But I truthfully don't miss grains that much. It's now five days past my challenge and the only things I've eaten are my favorite Kashi oatmeal dark chocolate cookies post-workout and pizza for dinner last night. The truth is, I've grown to enjoy eating loads of vegetables, lean proteins, nuts, and fruit. Greek yogurt with strawberries and pecans for breakfast is much more appealing than eating tasteless whole wheat toast. Cauliflower "rice" packs more of a nutritional punch than its grainy counterpart. And I've discovered coconut oil adds a subtle flavor and healthy dose of fat to meals. With every bite I take I know those foods are helping me stay lean, get stronger, and fight off disease. Why would I trade that for anything less?
As far as my very unscientific experiment, I saw very little in terms of measurable results. There were no changes in circumference measurements or body fat percentage. My energy levels and sleep patterns were good before and I wasn't able to detect any significant differences. However, I am holding steady at one to two pounds below my normal weight which I attribute to water loss. That daily bloat that accumulates making your pants and sweaters a little tighter by the end of the day disappeared. Can't say I didn't mind seeing a flat tummy morning to night.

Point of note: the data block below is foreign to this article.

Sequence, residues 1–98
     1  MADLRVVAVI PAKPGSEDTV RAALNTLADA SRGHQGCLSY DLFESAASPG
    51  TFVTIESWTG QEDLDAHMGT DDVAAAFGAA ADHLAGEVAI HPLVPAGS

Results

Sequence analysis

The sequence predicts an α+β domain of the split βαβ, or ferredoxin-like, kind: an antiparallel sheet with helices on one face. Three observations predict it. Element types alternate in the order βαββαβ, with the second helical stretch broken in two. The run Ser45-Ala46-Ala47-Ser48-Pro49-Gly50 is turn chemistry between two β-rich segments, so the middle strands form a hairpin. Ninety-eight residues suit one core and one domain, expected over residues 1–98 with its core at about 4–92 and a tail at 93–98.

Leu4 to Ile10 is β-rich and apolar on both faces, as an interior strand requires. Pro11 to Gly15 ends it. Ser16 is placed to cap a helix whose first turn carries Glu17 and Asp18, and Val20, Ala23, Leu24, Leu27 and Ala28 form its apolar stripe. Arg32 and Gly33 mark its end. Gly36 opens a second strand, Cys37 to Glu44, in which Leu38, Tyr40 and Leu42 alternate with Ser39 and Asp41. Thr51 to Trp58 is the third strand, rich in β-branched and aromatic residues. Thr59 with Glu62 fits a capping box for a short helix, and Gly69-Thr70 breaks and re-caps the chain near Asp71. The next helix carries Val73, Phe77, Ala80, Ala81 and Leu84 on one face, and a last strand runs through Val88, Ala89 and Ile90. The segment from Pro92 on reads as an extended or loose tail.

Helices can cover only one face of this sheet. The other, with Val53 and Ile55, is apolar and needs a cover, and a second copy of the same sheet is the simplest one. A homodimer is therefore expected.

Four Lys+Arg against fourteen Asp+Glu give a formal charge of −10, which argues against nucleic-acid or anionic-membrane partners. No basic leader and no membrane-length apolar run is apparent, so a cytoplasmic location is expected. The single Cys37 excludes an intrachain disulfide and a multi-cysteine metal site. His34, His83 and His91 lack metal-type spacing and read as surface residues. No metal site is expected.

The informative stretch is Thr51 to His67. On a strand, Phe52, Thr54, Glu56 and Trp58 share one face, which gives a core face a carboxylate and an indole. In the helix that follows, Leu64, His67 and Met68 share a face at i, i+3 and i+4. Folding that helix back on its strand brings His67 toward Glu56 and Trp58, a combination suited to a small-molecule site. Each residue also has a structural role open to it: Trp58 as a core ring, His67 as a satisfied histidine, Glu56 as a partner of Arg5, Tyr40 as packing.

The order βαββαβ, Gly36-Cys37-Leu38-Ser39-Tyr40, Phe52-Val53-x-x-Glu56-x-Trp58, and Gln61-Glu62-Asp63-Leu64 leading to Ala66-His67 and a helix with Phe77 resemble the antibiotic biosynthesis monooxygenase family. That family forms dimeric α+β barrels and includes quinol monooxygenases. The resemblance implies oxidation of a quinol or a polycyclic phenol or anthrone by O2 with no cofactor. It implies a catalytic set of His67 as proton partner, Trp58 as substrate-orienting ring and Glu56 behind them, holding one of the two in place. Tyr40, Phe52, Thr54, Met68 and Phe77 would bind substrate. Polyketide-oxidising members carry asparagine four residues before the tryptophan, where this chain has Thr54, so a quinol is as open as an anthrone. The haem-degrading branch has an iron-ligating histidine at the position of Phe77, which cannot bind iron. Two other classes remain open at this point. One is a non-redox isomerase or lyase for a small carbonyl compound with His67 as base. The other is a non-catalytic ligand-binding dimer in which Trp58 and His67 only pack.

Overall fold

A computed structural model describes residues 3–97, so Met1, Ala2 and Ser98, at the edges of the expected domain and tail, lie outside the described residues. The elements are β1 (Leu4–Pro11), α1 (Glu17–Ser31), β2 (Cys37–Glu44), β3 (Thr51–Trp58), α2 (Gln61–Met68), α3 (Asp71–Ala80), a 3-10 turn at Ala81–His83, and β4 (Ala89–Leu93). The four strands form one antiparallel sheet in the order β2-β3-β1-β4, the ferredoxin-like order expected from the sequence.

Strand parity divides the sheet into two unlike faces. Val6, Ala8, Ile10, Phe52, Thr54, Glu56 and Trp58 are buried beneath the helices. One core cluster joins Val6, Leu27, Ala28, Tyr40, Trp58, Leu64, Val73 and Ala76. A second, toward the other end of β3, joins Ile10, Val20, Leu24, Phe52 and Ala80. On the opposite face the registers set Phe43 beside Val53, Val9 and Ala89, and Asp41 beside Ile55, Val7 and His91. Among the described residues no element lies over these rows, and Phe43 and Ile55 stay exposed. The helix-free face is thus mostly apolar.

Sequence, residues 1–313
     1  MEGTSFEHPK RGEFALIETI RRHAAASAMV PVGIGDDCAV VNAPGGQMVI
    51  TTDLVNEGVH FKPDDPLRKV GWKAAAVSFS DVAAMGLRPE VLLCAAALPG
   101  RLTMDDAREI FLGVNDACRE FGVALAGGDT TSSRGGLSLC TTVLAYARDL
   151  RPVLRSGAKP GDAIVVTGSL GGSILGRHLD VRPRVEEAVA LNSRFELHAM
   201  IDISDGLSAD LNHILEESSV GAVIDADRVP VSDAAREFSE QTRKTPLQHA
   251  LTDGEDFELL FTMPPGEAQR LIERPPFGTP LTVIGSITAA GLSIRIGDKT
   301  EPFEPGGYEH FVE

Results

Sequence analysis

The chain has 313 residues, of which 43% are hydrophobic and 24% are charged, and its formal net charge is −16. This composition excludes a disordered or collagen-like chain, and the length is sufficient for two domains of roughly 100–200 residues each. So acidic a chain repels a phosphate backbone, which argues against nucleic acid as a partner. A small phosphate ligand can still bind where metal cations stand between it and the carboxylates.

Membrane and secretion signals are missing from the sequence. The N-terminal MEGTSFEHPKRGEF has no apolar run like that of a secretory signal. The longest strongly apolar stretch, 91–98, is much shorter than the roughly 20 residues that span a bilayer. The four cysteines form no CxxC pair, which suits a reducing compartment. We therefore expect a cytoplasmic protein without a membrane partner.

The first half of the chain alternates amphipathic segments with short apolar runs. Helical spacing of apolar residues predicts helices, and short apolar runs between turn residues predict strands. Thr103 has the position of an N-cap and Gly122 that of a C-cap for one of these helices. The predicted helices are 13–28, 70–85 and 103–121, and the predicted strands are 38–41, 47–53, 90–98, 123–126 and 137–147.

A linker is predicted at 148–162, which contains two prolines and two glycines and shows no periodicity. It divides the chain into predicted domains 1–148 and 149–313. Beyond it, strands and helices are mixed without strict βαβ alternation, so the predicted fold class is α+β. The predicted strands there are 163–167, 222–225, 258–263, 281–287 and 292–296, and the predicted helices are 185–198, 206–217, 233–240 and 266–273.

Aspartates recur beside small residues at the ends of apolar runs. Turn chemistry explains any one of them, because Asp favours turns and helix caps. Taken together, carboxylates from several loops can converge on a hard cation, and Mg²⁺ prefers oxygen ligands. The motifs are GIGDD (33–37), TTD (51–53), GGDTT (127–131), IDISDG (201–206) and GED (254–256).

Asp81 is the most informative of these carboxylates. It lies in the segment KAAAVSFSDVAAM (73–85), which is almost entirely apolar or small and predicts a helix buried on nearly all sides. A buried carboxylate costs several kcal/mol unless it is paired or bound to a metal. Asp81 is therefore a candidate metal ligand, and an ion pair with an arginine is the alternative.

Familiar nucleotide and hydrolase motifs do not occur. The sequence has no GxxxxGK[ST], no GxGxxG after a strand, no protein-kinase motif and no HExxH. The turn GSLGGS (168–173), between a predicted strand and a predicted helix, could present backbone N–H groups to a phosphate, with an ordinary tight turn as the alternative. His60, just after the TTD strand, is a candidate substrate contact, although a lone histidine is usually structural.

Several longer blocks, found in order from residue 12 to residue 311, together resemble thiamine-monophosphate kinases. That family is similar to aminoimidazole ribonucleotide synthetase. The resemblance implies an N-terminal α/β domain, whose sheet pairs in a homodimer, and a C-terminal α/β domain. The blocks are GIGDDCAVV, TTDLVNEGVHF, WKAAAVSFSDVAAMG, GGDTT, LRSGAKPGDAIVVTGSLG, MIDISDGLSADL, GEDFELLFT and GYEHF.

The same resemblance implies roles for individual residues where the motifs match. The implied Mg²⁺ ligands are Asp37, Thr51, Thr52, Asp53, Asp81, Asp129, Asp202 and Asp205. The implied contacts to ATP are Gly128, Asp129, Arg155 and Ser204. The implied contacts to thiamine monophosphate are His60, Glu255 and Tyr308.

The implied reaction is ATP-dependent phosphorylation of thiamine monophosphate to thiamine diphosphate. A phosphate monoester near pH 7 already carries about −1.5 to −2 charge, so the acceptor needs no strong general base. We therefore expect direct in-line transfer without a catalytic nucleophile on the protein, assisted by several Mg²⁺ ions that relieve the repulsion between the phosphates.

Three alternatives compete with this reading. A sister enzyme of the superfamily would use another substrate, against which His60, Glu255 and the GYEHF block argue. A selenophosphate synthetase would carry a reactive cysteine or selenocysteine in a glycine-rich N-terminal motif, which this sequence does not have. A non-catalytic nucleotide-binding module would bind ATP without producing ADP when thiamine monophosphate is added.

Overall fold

I speculated prior to cutting grains that I am not a particularly carb-sensitive person. The lack of measurable results only confirms this for me. To learn more about what dramatic physiological changes can occur and if this is something that might benefit your health, check out these books:
One surprising aspect was the amount of mental focus it required. The first week was challenging but it was amazing how quickly choosing grain-free foods became second nature. There were definitely times in social situations where I had to resist something but successfully doing so was very empowering. It got me thinking. If I can give up grains for 30 days, what else can I accomplish if I put my mind to it?
In conclusion, I am happy I gave up grains for April. I'll still enjoy a splurge every now and again. Let's not talk crazy here. It did solidify healthier habits I had been working on for some time, like increasing my consumption of vegetables. It made me take ownership of my health and be responsible for what I put in my body. And while my measurements didn't show the instant butt lift I had been hoping for, it definitely proved you can do anything if you put your mind to it. That being said, I'm looking forward to issuing myself another 30-day challenge, whatever that may be.